The weeping milkcap (Lactifluus volemus) is a prized edible mushroom wherever it grows. It has a distinctively fishy smell when fresh, which, thankfully, disappears with cooking! This rather surprising smell and its propensity to “bleed” lots of milky latex make it one of the easier edible mushrooms to identify in eastern North America.
- Scientific Name: Lactifluus volemus
- Common Names: Weeping milkcap, voluminous latex milky, tawny milkcap, orange-brown milky, fishy milkcap, apricot milkcap. In the West Virginian mountains, the mushroom is called “leatherback” or “bradley,” possibly originating from its German name Brätling (Brätling translates to fried fritter or patty and usually refers to a veggie patty).
- Habitat: On the ground in oak and/or conifer forests
- Edibility: Good
All About The Weeping Milkcap
Lactifluus volemus, the weeping milkcap, formerly known as Lactarius volemus, is a highly sought-after edible mushroom. Found in temperate, subtropical, and tropical regions of the Northern Hemisphere, this mycorrhizal fungus forms a mutually beneficial relationship with various tree species.
This mushroom has lots of lookalikes in the same family, but none are toxic, so there isn’t too much to worry about. The biggest issue is that other milkcap species may taste just awful.
Weeping milkcaps are a popular edible species around the world; in Asia, they are sold in markets along with several other milkcap mushrooms. In Nepal, it is among the most popular wild edible mushroom species.
While the weeping milkcap is widely distributed across the globe, it is in decline in some areas. Habitat destruction is the most common reason, but that, in combination with overharvesting, creates instability for the fungus in those regions. Primarily, the decline is happening in Europe, and in the Netherlands, it is deemed to be locally extinct.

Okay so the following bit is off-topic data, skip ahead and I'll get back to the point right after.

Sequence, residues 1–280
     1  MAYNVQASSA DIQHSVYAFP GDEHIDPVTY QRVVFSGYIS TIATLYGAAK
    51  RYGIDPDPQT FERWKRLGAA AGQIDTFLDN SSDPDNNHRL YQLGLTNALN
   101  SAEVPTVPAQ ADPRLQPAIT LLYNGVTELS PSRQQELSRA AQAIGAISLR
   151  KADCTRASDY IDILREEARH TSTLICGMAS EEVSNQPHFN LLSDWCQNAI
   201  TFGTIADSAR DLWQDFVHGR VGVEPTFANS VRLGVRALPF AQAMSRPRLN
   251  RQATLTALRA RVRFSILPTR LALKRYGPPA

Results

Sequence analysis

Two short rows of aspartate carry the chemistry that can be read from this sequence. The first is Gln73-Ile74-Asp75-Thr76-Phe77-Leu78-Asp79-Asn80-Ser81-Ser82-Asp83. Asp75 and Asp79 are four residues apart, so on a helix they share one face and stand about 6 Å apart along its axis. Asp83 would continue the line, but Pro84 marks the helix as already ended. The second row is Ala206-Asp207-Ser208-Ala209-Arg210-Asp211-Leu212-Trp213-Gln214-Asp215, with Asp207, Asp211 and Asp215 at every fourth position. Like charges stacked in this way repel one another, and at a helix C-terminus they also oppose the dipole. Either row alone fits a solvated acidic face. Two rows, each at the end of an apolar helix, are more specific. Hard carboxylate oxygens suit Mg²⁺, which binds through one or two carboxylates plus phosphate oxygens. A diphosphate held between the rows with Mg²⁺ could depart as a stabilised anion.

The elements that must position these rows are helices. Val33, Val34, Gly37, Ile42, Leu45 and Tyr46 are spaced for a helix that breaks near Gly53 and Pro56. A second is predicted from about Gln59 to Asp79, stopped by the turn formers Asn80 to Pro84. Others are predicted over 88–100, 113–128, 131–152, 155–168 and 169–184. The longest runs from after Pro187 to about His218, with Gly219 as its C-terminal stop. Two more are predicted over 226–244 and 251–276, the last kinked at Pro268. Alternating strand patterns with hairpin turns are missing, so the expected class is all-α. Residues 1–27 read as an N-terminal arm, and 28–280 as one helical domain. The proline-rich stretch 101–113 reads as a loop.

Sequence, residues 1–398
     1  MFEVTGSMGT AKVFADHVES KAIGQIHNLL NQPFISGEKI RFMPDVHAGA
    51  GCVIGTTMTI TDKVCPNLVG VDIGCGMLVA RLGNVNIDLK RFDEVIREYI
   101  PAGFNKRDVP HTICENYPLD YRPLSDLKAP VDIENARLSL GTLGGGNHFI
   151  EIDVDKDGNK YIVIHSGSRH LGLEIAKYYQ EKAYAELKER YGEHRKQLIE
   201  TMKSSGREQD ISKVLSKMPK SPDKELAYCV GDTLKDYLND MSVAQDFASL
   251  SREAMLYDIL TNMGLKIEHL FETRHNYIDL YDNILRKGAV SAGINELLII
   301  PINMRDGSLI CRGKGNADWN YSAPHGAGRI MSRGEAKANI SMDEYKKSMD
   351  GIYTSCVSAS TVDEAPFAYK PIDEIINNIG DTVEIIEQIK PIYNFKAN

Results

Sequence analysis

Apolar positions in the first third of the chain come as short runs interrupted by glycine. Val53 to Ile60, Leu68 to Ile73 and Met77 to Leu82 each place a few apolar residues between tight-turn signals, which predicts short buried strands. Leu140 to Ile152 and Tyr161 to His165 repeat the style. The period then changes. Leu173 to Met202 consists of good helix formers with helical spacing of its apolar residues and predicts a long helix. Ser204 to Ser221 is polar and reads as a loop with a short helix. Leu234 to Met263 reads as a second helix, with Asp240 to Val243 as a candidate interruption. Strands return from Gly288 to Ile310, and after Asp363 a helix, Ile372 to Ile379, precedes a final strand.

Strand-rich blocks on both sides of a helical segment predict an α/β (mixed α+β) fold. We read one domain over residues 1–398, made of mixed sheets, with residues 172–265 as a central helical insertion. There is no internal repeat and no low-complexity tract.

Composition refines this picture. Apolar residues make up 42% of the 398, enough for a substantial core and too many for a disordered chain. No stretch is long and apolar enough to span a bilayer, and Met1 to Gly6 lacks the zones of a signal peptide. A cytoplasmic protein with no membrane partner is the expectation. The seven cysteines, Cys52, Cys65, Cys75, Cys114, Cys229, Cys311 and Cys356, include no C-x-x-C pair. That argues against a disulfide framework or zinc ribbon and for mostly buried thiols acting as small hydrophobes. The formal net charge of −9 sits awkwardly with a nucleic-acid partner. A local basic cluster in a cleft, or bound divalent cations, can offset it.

Weeping Milkcap Identification Guide
Summer through fall
The weeping milkcap can be found growing in mixed deciduous hardwood forests and coniferous forests. The mushrooms typically grow alone, scattered, or in large groups. They are abundant in warm and humid weather conditions.
The species is widely distributed throughout Eastern North America, Europe, and Asia. It is most common in deciduous forests. In the United States, the weeping milkcap occurs from southern Canada east of the Great Plains, extending south to the East Coast.
The cap is 1- 5 inches in diameter, with a brownish-orange or orangish-brown color – apricot coloring to tawny coloring. Initially, the cap is convex with an inrolled (rolled under) edge, but it eventually becomes flat with a central depression or shallowly vase-shaped. The cap is smooth or slightly wrinkled but usually has a finely velvety texture, especially when young.
The orange-brown coloring varies a bit, sometimes more brown than orange and vice versa. It might even be a lighter tannish orange or a darker reddish brown. It does not have concentric color zones like many other milky cap species. The cap is more or less all the same color, with sometimes a darker spot in the center.
The gills are attached to the stem and might run slightly down it. They are closely spaced, creamy white to pale yellow in color, and discolor brown when injured. The gills often fork near the edge of the cap. There is a mix of short gills (ones that don’t extend all the way to the stem) and long gills (those that run into the stem).
When cut, the gills produce large amounts of milky latex, which is how it gets its common name.
The stem measures 2-4 inches long, and its color is similar to the cap but may be paler. The stem is smooth, sometimes with faint vertical lines, and is solid or may be starting to become hollow.